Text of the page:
Torn from the Nest

Torn from the Nest

3.17 (303 ratings by Goodreads)
By (author)  , By (author)  , Volume editor  , Edited by  , Translated by 

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Description

In this tragic tale, Clorinda Matto de Turner explores the relationship between the landed gentry and the indigenous peoples of the Andean mountain communities. While unfolding as a love story rife with secrets and dashed hopes, Torn from the Nest in fact reveals a deep and destructive class disparity, and criticizes the Catholic clergy for blatant corruption. When Lucia and Don Fernando Marin settle in the small hamlet of Killac, the young couple become advocates for the local Indians who are being exploited and oppressed by their priest and governor and by the gentry allied with these two. Considered meddling outsiders, the couple meet violent resistance from the village leaders, who orchestrate an assault on their house and pursue devious and unfair schemes to keep the Indians subjugated. After a romance blossoms between a member of the gentry and the peasant girl that Lucia and Don Fernando have adopted, a dreadful secret prevents their marriage and brings to a climax the novel's exposure of degradation.show more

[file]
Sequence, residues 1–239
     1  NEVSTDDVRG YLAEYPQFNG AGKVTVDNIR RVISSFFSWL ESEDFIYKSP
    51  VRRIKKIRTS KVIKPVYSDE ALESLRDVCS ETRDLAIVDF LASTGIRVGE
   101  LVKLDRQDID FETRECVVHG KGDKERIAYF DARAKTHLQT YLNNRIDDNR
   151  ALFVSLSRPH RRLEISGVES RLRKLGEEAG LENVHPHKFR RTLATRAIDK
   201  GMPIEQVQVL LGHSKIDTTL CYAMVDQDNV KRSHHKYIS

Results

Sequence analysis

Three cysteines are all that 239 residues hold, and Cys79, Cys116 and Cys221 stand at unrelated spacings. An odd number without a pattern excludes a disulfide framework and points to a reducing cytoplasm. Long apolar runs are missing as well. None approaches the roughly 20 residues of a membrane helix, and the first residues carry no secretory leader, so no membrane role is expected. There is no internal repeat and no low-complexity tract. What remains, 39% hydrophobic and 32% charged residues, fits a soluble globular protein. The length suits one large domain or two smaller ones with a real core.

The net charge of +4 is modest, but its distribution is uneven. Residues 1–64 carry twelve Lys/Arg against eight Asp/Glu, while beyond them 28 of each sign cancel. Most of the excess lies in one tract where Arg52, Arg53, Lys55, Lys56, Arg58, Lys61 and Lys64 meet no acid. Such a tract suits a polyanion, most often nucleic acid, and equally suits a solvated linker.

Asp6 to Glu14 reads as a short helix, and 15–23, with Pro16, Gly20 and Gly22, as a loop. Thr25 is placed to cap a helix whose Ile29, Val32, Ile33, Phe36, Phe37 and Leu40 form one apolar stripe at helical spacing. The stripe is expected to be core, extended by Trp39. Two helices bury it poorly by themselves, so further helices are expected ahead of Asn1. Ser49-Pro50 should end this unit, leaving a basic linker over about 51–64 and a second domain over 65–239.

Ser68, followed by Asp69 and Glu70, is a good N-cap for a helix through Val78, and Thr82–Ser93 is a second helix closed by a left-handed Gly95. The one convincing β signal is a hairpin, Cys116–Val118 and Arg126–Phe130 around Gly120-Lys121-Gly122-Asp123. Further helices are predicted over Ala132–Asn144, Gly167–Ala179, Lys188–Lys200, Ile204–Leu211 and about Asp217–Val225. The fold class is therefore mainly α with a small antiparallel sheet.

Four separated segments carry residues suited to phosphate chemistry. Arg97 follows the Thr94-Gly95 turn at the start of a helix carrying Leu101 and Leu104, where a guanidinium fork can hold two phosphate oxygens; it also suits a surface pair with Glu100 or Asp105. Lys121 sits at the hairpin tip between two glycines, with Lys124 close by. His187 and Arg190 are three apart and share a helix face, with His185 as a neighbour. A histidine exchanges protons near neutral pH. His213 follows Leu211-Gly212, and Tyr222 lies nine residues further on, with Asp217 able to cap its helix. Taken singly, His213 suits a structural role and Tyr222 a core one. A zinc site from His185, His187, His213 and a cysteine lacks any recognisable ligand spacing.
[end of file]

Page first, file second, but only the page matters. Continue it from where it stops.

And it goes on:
Product details

  • Hardback | 219 pages
  • 142 x 210 x 26mm | 399.16g
  • Oxford University Press Inc
  • New York, United States
  • English
  • 0195110056
  • 9780195110050

About Clorinder Matto De Turner

Clorinda Matto de Turner was a major literary figure in 19th century Peru. She was a pioneer of indigenist literature, and was a crucial Peruvian writer in the shift from Romanticism to Naturalism. The late Antonio Cornejo-Polar was Professor of Spanish at The University of California, Berkeley. John Polt, Professor Emeritus of Spanish at the University of California, Berkeley, has translated several Spanish and Spanish American authors.show more

Review Text

Another volume in Oxford's Library of Latin America, this time a new translation of an accusatory 1889 novel about the oppression of Peru's Andean Indians by their Spanish "masters." Matto de Turner (1852-1909) was a successful newspaper editor and novelist - a woman of varied and impressive accomplishments. But this novel is weak: its only tone is outrage; its protagonists (a progressive, idealistic married couple) are improbably heroic and saintly; its stock supporting characters (a "mixed" Romeo and Juliet - like pair, a vicious parish priest, a blandly amoral colonial governor) thinner than the paper they're printed on. Of considerable documentary interest, but no more than that. (Kirkus Reviews)show more

Rating details

303 ratings
3.17 out of 5 stars
5 10% (31)
4 27% (82)
3 40% (121)
2 16% (48)
1 7% (21)
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